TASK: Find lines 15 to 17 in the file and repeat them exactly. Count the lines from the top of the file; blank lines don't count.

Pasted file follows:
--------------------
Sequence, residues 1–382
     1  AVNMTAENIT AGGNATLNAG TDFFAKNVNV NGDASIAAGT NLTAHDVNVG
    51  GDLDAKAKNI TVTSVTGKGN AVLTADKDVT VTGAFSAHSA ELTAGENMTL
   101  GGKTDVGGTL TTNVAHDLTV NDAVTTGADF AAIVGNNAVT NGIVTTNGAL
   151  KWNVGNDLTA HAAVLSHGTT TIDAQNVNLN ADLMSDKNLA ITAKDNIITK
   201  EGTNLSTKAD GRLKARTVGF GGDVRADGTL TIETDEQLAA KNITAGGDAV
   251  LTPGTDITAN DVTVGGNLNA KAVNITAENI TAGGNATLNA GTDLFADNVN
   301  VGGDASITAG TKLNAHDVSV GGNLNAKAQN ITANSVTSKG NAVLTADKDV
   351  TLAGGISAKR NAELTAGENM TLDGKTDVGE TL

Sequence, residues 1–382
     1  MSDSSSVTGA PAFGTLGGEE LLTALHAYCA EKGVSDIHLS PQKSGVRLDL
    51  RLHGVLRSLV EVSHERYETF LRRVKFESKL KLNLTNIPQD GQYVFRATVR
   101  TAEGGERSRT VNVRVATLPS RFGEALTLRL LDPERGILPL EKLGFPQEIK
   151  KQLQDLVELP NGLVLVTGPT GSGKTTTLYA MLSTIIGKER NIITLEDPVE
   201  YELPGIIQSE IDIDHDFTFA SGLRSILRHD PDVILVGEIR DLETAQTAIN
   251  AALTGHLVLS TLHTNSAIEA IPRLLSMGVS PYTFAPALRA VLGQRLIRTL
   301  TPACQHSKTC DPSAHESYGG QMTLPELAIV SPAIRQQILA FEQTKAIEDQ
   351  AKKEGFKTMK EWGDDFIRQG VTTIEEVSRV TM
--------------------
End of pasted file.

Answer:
   201  YELPGIIQSE IDIDHDFTFA SGLRSILRHD PDVILVGEIR DLETAQTAIN
   251  AALTGHLVLS TLHTNSAIEA IPRLLSMGVS PYTFAPALRA VLGQRLIRTL
   301  TPACQHSKTC DPSAHESYGG QMTLPELAIV SPAIRQQILA FEQTKAIEDQ